Sensory Modulation and Participation in Daily Occupations in Stroke Survivors

Avivit Fuks Sharony, Batya Engel-Yeger

Research output: Contribution to journalArticlepeer-review


Background. Stroke may alter sensory modulation and restrict participation in daily occupations. Although studies highlight the relationship between altered sensory modulation and reduced participation, this relationship in stroke survivors has not been studied enough. Purpose. To examine the prevalence of altered sensory modulation among stroke survivors; to compare sensory modulation and participation between stroke survivors and healthy controls; to estimate the relationship between sensory modulation and participation among stroke survivors. Method. Thirty stroke survivors and 30 healthy controls, aged 18–70, completed the MoCA, the Adolescent-Adult Sensory Profile and the Activity Card Sort. Findings. Altered sensory modulation was more prevalent among stroke survivors. Their participation was significantly restricted as compared to healthy controls. Lower tendency to seek sensory input predicted lower participation in social activities. Implications. Occupational therapists should screen for altered sensory modulation in stroke survivors and understand their impacts on participation, in order to improve intervention outcomes.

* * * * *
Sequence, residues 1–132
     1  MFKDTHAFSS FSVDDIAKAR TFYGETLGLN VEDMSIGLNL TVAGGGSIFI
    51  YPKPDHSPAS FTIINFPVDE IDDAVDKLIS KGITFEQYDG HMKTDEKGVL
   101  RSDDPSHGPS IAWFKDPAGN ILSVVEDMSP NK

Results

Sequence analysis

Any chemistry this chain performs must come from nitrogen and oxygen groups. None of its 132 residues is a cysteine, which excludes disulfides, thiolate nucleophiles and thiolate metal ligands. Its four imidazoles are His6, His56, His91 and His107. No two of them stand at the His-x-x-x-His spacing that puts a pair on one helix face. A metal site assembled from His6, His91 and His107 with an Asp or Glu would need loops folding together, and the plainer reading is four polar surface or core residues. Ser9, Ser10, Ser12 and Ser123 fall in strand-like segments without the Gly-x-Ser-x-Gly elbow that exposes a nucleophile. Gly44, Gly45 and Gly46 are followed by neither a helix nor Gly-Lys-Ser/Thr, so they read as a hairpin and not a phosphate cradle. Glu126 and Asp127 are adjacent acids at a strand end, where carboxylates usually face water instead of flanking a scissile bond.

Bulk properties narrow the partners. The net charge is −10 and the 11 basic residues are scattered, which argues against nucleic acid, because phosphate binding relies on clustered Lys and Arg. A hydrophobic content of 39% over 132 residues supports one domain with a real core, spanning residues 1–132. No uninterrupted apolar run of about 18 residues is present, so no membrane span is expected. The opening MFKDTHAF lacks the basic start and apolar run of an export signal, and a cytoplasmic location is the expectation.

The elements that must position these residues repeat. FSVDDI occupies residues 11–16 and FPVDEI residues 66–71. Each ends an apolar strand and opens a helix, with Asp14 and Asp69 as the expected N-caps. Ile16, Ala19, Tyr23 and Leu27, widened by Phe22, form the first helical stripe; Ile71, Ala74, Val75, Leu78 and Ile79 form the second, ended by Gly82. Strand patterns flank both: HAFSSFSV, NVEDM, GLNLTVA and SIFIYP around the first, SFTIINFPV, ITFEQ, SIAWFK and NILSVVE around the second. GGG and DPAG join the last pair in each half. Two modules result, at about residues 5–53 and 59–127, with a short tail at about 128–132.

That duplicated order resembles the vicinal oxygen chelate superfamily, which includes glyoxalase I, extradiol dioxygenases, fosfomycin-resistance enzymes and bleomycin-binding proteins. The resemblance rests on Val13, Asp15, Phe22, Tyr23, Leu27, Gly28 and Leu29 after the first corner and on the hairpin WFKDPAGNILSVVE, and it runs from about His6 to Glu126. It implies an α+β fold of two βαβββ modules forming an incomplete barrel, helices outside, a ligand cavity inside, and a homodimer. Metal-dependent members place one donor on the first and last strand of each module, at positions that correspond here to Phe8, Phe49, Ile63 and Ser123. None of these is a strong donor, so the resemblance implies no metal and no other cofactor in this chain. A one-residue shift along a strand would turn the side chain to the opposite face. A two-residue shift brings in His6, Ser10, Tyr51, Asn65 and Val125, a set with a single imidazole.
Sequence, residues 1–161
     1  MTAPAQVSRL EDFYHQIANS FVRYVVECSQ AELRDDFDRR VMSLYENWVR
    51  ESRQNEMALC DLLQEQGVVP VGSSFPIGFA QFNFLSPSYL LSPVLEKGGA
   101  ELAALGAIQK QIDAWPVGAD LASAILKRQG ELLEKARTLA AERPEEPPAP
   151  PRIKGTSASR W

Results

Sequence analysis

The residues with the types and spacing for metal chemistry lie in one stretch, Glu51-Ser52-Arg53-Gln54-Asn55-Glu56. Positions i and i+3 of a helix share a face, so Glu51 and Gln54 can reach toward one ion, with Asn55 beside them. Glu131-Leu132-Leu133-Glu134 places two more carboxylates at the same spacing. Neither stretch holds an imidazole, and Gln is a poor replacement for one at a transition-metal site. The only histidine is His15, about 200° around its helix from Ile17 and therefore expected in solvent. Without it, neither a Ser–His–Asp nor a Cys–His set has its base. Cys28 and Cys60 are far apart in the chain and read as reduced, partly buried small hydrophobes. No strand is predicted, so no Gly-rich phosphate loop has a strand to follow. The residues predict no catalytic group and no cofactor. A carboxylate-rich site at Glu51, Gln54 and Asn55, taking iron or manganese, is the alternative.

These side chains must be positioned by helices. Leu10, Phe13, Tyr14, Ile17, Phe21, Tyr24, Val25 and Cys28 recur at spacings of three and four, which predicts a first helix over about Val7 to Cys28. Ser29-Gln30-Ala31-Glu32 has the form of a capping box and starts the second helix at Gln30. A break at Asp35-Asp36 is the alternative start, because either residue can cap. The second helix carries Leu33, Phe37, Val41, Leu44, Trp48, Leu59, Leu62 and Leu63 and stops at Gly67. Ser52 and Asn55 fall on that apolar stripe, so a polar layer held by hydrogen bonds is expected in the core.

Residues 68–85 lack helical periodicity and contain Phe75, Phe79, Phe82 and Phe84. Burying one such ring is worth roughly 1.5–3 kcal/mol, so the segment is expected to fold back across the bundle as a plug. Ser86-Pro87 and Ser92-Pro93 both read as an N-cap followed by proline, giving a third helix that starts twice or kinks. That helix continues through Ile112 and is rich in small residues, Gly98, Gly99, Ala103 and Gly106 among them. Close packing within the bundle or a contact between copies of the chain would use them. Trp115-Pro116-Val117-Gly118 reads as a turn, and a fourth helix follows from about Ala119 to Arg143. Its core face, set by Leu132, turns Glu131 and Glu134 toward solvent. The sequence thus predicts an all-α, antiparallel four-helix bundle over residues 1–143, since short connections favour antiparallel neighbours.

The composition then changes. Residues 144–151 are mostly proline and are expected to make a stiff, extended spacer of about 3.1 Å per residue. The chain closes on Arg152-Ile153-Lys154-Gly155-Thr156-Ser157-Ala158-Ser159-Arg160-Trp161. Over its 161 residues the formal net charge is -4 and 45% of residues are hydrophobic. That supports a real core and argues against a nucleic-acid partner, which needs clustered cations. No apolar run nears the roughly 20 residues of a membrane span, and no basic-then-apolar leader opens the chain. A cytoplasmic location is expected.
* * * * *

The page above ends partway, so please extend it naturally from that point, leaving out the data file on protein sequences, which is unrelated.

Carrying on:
Original languageAmerican English
Pages (from-to)375-383
Number of pages9
JournalCanadian Journal of Occupational Therapy
Issue number4
StatePublished - Dec 2021


  • Activities of daily living
  • CVA
  • Daily life
  • Sensory processing

All Science Journal Classification (ASJC) codes

  • Occupational Therapy


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